Instead what changes is Lee’s relationships with the other survivors, and even who the group of survivors is composed of. Did so-and-so live or die? Did you stick up for the one family during the confrontation in the pharmacy so that he has your back later on? Did you call someone a nasty name, earning a black mark in her book that she’ll remember later? Did you lie to Clementine or tell her the brutal truth early on? All of these things are noted and remembered by the game, and really change how people interact with Lee as you play him through events.

THAT is how interactive narrative changes, even when settings don’t. Now, where’s episode 2?

The Walking Dead Game Creeps Up On You

It’s no secret that I love zombies. One look at my story The Fast and the Dead is enough to convince anyone of that. It should come as no surprise then that I love The Walking Dead in every form it’s available in; as a comic/graphic novel, as a TV series, and now as an adventure game from Telltale Games.

I’ll have a full review of The Walking Dead Game up on GeekBeat.TV soon, but I wanted to go into how episode 1 handles the storytelling, as that’s really the part of the game that impressed me the most.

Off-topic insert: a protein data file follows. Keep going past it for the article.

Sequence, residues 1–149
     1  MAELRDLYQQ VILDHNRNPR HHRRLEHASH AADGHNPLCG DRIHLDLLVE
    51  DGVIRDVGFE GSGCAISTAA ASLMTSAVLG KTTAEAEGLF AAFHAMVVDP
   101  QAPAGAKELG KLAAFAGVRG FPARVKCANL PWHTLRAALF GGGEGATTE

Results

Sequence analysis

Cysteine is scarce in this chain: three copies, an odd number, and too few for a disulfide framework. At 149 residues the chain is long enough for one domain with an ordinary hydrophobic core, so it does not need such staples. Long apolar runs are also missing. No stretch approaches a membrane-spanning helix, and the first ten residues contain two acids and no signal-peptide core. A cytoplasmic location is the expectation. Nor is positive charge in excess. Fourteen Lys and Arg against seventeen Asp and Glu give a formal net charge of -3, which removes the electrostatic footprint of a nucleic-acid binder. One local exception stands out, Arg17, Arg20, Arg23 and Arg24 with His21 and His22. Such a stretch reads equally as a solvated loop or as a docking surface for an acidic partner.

It’s common these days to call any good, impressive game ‘epic,’ but The Walking Dead Game Episode 1 - A New Day is the opposite of epic. It’s small, it’s personal, it’s isolating, stressful, fearful and very satisfying.

The game puts huge emphasis on the importance of the choices you, playing as Lee Everett, make throughout the story. Conversation and investigation make up the bulk of the game play; make no mistake, while this is a zombie game, it is NOT a shooter, nor is it a survival horror game. It is pure adventure.

Lee EverettAt key points throughout the game, you’ll say things in conversations, and you’ll be given a brief flash of information about the impact that your choice had on things. If you stick up for a friend in an argument, they’ll remember it. If you mouth off and call someone a nasty name, they’ll remember that too. In a twist that’s very Bioware in nature, these decisions can have consequences far beyond episode 1, impacting your journey into the next four episodes as well.

The examples I gave above were relatively trivial (at least they seem that way at first glance.) But there are much weightier choices to be made as well; there are a number of points at which you’ll literally be choosing who lives and who dies, and make no mistake, people WILL die.

The story’s far from over; we’ve been given a single episode of 8 chapters, with four more episodes to come. I’m really looking forward to seeing how deep the connections run between episodes. I’m loving Telltale’s Back to the Future series, but haven’t finished yet in part because each episode is so very self-contained; there’s not as much driving me to finish all five quickly. If The Walking Dead Game lives up to the early promise it shows, I won’t have that problem with it.